Berlin has to be one of my all-time favourite cities. Friendly people, easy transport system, cheap as chips, and incredible buildings with wonderful social history behind them (and we all know social history is my kinda thing). So, when I decided to go away for a mini weekend break for my birthday, Berlin was right up there. Unbeknownst to me, the weather was forecast at a ridiculous 32C for the entire weekend, and I hate the heat with a fiery passion (no pun intended) but that wasn’t exactly Germany’s fault so I sucked it up and flew out there on Friday 9th September, straight to Tegel, and got the 109 bus straight into Kurfuerstendamm.
Ku’Damm is one of the best shopping areas in the city (absolutely no coincidence that I’m staying there) and my hotel, the Lindner Hotel, was right slap bang in the middle, just a stroll away from one of my favourite department stores, KaDeWe..
Just popped in for a quick overpriced, but beautiful, lunch 😉
To be perfectly honest, I spent most of the weekend shopping – I’ve already been to the Berlin Wall in past trips, as well as Checkpoint Charlie and the Brandenburg Gate, so had no need to see them again, although they’re all definitely worth visiting (especially Checkpoint Charlie which, if you love 20th century social history, is absolutely fascinating and quite beautifully haunting, if you excuse all the tourist stands trying to sell you replicas of signs and other cheap tat). Nope, my number one destination this trip was, weirdly enough, the DDR Museum.
I have a huge interest and fascination of East Germany and the DDR – you only have to turn a corner in Berlin and you’re whisked back to socialism with a sighting of an Ampelmann on a traffic light, a Trabi racing through the roads on a tour, or a Humana selling various polyester monstrosities and plastic bangles. I’d always wanted to go to the DDR Museum to discover more about this world, but completely forgot like an idiot the last time I visited Berlin, so made it a priority this time. And it did not disappoint.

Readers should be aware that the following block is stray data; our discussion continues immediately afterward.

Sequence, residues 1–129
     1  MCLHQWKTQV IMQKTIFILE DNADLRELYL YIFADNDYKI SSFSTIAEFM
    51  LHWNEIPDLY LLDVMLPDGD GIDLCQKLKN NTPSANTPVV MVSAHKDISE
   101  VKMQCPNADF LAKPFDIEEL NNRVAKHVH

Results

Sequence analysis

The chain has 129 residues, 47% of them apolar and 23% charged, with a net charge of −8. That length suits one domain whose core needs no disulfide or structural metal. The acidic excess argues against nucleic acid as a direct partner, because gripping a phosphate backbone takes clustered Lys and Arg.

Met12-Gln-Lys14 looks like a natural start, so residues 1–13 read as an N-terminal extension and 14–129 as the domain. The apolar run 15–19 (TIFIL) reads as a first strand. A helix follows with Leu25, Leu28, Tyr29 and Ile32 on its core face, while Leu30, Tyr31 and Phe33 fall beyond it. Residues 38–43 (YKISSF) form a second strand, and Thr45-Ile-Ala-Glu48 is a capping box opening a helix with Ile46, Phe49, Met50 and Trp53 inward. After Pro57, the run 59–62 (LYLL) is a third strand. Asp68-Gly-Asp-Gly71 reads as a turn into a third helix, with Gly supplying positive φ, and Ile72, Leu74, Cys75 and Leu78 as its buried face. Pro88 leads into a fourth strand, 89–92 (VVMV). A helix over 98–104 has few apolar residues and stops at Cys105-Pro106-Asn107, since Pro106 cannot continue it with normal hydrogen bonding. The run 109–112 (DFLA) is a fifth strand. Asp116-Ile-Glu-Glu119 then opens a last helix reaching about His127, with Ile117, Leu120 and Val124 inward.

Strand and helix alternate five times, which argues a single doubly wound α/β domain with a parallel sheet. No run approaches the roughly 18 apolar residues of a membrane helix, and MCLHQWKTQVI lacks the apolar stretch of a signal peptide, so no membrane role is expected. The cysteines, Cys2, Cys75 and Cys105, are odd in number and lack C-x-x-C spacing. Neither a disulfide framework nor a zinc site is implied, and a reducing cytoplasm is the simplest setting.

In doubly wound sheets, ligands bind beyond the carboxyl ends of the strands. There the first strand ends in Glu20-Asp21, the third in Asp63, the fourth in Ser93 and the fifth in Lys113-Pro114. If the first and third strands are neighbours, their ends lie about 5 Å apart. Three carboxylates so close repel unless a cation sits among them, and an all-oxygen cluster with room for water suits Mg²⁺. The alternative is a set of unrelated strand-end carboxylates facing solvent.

An assortment of Ostolgie, including a Trabi that I didn’t get to sit in because some kids were hogging it, and some exquisite pieces of East German clothing. Bagsie the nude pantsuit in the middle.
The museum had also painstakingly recreated a typical new East German flat, right down to the pots and pans used. I found this part of the museum absolutely fascinating – possibly more so than the slightly stale political chat. I also saw quite a lot of familiar looking products, weirdly… Big shout out to various family members for using similar dinnerware to these:
All in all the museum was definitely worth going to – it was worth the €7/8 entry fee, gives you something to do on a Sunday in Berlin when inexplicably all the shops shut, and offers a unique look into what life was like for a large number of people stuck in an aging world at a time when the rest of the world was rapidly advancing. Plus it’s opposite the Berlin Cathedral which is also beautiful:
I spent Sunday afternoon eating ice cream and drinking pricey cocktails overlooking the monkey enclosure at Berlin Zoo with a friend and her husband – the Zoo being conveniently close to my hotel (did I mention it was a FABULOUS location?). Bikini Berlin is a new complex that was once a bikini factory (fun fact), and is definitely worth going to if you’re in the area.
All in all, a very fleeting visit, and I apologise for being a bit rubbish with travel tips etc. Some travel blog, huh? I will however say that Berlin has to be one of the friendliest, cheapest, most convenient cities I’ve ever visited. I speak German relatively well but even if you don’t, everyone pretty much knows English or can point you in the direction of someone who can. Transport is dirt cheap – I used the bus and U-Bahn while I was there and both cost me roughly €2 and €7 (for a day ticket) respectively. The hotel only has breakfast available, but there’s an awesome salad bar opposite the hotel called Dean and David which served mega salads for around €6 each. Failing that, there’s a supermarket next to the Zoologischer Garten (zoo) train station which is open relatively early/late, and restaurants all over the damn place of course.
All in all, not much to say other than see you again soon Berlin, and please keep the temperature down next time…